Wednesday, March 20, 2013

Penny Thoughts ‘13—Fat Kids Rule the World (2012) **½

R, 94 min.
Director: Matthew Lillard
Writers: Michael M.B. Galvin, Peter Speakman, K.L. Going (novel)
Starring: Jacob Wysocki, Matt O’Leary, Billy Campbell, Dylan Arnold, Lili Simmons, Tyler Trerise

“Fat Kids Rule the World” is an interesting look at the teenage mindset, if not entirely original. It involves an obese high school kid who is suicidal after gaining a great deal of weight upon the death of his mother. He fantasizes about killing himself and other things. One day when he finally gets up the gumption to step in front of a city bus on a steep San Francisco hill, he finds himself saved by a scattered junkie who has delusions about starting a band together.  Suddenly the fat kid has a friend in the junkie and a purpose in trying to keep the junkie from inadvertently killing himself. It’s a unique set up to a not so unique story.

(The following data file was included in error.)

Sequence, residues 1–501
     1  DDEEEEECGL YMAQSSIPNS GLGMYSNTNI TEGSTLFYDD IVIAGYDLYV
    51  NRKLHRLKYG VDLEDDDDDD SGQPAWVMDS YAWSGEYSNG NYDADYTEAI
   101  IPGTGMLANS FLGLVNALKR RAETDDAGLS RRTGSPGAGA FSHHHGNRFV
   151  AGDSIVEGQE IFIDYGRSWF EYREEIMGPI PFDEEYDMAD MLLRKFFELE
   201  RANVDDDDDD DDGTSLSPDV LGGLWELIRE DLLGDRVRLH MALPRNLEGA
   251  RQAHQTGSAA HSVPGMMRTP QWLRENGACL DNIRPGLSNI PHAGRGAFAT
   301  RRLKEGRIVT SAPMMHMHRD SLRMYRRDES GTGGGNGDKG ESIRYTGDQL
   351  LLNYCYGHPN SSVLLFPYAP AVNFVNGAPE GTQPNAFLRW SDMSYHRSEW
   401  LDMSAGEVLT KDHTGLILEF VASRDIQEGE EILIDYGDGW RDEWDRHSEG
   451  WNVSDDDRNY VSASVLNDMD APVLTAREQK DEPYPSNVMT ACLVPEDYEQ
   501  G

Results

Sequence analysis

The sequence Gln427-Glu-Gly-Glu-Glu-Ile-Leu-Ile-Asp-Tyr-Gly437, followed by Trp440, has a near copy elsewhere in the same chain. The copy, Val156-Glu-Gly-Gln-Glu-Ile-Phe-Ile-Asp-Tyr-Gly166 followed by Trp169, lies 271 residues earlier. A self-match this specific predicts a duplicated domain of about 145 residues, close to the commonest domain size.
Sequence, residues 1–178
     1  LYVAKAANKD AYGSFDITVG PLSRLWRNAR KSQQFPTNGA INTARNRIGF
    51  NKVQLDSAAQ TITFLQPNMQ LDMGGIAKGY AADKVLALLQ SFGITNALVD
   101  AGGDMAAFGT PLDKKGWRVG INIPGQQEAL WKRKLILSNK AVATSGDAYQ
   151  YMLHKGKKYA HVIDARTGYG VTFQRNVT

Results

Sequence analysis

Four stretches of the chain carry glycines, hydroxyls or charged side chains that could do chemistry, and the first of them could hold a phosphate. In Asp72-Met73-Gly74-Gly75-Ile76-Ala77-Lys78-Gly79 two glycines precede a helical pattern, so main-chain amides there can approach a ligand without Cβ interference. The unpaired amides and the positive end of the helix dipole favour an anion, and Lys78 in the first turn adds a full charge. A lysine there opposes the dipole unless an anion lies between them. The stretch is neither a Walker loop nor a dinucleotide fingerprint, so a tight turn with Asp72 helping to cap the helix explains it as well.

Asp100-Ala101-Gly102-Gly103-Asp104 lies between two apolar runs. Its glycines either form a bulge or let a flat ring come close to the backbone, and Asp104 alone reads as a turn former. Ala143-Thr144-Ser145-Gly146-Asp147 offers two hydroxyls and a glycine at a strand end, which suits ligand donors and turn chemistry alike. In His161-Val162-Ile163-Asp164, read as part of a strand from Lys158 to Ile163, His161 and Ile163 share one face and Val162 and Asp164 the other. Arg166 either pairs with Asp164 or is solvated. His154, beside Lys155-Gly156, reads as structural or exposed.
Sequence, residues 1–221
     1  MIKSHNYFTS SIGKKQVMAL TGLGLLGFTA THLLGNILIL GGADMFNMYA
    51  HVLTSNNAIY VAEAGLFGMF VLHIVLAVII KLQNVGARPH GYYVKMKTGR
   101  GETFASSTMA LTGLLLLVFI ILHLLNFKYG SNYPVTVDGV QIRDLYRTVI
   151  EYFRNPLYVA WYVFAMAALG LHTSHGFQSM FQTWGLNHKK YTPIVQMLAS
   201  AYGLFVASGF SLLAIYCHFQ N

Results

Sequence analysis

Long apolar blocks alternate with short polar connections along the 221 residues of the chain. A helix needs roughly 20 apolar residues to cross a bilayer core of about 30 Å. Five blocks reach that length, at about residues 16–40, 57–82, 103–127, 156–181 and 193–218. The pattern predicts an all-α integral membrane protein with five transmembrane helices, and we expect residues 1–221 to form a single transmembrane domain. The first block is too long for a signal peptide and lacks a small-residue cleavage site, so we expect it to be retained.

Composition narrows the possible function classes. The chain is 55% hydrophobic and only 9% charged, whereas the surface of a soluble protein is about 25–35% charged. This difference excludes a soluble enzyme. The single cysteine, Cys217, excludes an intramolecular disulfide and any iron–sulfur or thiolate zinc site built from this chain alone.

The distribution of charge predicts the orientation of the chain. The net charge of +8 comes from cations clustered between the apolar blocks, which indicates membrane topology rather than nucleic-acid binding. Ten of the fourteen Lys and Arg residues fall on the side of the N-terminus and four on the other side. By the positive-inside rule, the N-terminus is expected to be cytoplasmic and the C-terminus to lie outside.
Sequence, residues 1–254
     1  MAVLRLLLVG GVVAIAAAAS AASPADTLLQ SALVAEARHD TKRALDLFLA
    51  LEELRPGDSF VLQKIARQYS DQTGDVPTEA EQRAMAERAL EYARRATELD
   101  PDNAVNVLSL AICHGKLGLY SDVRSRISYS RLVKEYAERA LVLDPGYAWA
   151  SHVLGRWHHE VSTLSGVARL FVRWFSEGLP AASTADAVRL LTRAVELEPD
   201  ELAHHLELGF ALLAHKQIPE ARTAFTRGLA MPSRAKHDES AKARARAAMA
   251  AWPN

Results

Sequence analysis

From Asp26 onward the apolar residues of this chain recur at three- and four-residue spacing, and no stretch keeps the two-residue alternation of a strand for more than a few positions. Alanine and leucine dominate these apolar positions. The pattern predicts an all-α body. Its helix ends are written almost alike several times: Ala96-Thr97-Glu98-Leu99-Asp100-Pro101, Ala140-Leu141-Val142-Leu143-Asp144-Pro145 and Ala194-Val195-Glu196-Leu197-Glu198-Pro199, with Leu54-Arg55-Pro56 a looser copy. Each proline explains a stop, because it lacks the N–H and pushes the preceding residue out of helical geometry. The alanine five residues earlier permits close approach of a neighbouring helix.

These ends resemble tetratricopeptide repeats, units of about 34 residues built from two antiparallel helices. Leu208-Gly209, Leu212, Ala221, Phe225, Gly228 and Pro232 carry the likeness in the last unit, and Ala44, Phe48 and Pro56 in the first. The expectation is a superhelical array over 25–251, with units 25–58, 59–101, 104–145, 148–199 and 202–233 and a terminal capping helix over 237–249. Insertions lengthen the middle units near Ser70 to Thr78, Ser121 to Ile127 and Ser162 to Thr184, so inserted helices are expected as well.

There is a lot to admire in this movie. Jacob Wysocki, who was so good as another high school loner in the wonderful film “Terri”, plays the fat kid. That film had much more drive than this one. Although his is an original character, the film meanders a little too much from development to development, and the pattern these two unlikely friends play through repeat a few too many times. That prevents me from giving the film a wholehearted recommendation, but there are many good aspects to be found here.

Perhaps my favorite detail of the film is the father, played by Billy Campbell. He’s a retired Marine who takes pride in his peak physical condition. The brother is also a good athlete, highlighting the hero’s shortcomings. At first you think this dynamic of the overbearing father being disappointed in his fat kid is going to be the primary reason for the kid’s low self-esteem. It turns out that the father isn’t as overbearing as you’d think. He’s actually a really good dad. He recognizes that his kids are two different people and different people from him. He’s not as good at expressing his feelings as he’d like to be. And the hero doesn’t blame his dad for his problems.

It is so rare that fathers are given full character treatments in a movie about their kids. The father in this movie is so well depicted as doing the best that he can for his boys that I’d like to recommend the movie on that aspect alone. In fact, I’d like to see much more of the father in this film and much less of the junkie. The father’s positive aspects wouldn’t shine through as well without the junkie, but he’s much more interesting. 

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